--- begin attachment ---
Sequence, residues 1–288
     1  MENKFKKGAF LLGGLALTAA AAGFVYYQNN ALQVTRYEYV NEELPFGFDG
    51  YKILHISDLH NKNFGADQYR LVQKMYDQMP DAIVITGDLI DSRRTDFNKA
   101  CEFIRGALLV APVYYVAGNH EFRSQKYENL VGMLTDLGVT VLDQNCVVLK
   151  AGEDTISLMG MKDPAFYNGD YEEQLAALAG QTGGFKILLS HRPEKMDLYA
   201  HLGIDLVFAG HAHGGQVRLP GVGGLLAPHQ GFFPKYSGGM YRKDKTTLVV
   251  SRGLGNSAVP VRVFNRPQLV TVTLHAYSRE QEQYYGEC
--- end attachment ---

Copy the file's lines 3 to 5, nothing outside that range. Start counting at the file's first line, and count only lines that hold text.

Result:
    51  YKILHISDLH NKNFGADQYR LVQKMYDQMP DAIVITGDLI DSRRTDFNKA
   101  CEFIRGALLV APVYYVAGNH EFRSQKYENL VGMLTDLGVT VLDQNCVVLK
   151  AGEDTISLMG MKDPAFYNGD YEEQLAALAG QTGGFKILLS HRPEKMDLYA